Mr. Script

Class Rules

By digging into the advanced capabilities of classes, you can harness the power of VBScript and do some pretty darn amazing things.

Last month, I discussed using a simple class as a structure to hold data. This month, I’m going to delve a bit deeper into classes by looking at some advanced capabilities. Indeed, classes can be as simple or as complex as you choose.

I’ll start by backing up and looking at the “big picture.” In past columns, I’ve used the prefix “cls” (for Class) to identify variables—usually when pertaining to ADSI—in order to keep things clear. This description is valid. Every component is, essentially, a class. The only difference is that the component has been compiled into a DLL, OCX or other binary file. I use the “all poodles are dogs, but not all dogs are poodles” analogy to describe classes. All components are classes, but not all classes are components. Once a class or component is instantiated—in VBScript, this happens when you execute the CreateObject statement—it becomes an object. Clear as mud? Let’s move on.

Behold the Power!
Since the classes I’ll be creating are written in VBScript, they’ll have the same limitations. However, as evidenced by the “I Love You” virus, VBScript can do some fairly amazing things. I’ll demonstrate this by expanding my customer class to allow the user to input a customer then add that customer to a text file.

Class Customer
   Public FName, LName, EMail, Company, TextFile

Public Sub AddCustomer
   Dim objFSO, objFile, objTextStream
      Set objFSO=CreateObject("Scripting.FileSystemObject")
      If Not objFSO.FileExists(TextFile) Then
      End If
      Set objFile=objFSO.GetFile(TextFile)
      Set objTextStream=objFile.OpenAsTextStream(8)

' For appending

      objTextStream.WriteLine FName & " " & LName
      objTextSteam.WriteLine EMail
      objTextStream.WriteLine Company

      Set objTextStream=Nothing
      Set objFile=Nothing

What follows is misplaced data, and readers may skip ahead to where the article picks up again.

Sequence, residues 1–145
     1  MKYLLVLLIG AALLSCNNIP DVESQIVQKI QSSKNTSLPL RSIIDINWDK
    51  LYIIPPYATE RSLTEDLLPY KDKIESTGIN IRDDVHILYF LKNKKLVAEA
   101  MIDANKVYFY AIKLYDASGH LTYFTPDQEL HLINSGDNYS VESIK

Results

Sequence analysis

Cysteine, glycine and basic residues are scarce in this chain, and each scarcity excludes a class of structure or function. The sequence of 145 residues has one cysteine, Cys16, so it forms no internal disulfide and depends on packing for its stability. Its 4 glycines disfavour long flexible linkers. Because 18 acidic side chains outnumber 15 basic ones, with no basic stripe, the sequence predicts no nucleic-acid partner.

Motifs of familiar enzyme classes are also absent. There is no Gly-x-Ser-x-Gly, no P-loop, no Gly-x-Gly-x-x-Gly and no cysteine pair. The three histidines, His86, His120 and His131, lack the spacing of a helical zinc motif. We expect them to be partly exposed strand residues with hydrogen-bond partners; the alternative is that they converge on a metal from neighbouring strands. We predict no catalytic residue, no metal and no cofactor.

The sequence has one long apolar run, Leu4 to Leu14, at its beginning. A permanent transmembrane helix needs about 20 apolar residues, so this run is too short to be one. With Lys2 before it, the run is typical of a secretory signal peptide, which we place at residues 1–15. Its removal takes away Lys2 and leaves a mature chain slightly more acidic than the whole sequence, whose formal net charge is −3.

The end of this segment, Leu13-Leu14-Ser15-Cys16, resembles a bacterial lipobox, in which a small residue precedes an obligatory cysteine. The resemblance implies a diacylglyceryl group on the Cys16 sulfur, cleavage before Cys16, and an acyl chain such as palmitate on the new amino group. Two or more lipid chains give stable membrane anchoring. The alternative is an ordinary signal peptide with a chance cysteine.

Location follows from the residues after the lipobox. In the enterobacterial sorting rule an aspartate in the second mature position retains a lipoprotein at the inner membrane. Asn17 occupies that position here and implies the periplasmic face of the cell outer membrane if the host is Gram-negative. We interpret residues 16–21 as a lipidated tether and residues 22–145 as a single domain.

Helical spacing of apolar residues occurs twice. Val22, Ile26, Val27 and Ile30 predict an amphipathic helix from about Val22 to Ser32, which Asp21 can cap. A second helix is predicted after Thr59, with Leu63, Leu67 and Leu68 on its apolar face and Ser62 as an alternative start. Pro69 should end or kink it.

Set objFSO=Nothing
   End Sub
End Class

I’ve taken my Customer class and added a method—AddCustomer. It’s just a Sub that opens the text file and appends the customer information. So far, all I have is a class. Think of it as a template or blueprint for functionality. It doesn’t do anything unless I tell it to. I’ll write a script to set this class in motion.

' AddCustomer.vbs
Option Explicit
Dim clsCustomer, bAddAnother
Set clsCustomer=New Customer

   ' Get customer data
   clsCustomer.FName=InputBox("Enter your first name")
   clsCustomer.LName=InputBox("Enter your last name")
   clsCustomer.EMail=InputBox("Enter your EMail address")
   clsCustomer.Company=InputBox("Enter your company")
   bAddAnother=MsgBox("Add Another?", vbOKCancel)
Loop While bAddAnother=vbOK


'…Put the Customer class here
' End Script

As you can see, the actual script is quite short. Since the functionality is embedded in the class, all I need to do is cut and paste the class into any script that needs this functionality. For the purpose of saving space, the class writes the customer information to a text file. You could use what you learned about automation last month to put it into a spreadsheet or even to add it to your Contacts in Outlook.

Digging a Bit Deeper
You may be asking, “Why use a class? Everything you just showed us could be handled by simply writing a Sub.” True. But there’s more to classes than just setting properties and executing methods. I’ll demonstrate this by clearing up some rules for using classes.